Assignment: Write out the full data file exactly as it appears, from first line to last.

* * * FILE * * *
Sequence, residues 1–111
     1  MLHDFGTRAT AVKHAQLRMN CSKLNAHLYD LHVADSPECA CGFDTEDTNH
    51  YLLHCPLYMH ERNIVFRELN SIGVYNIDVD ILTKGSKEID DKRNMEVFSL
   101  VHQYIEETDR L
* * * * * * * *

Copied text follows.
Sequence, residues 1–111
     1  MLHDFGTRAT AVKHAQLRMN CSKLNAHLYD LHVADSPECA CGFDTEDTNH
    51  YLLHCPLYMH ERNIVFRELN SIGVYNIDVD ILTKGSKEID DKRNMEVFSL
   101  VHQYIEETDR L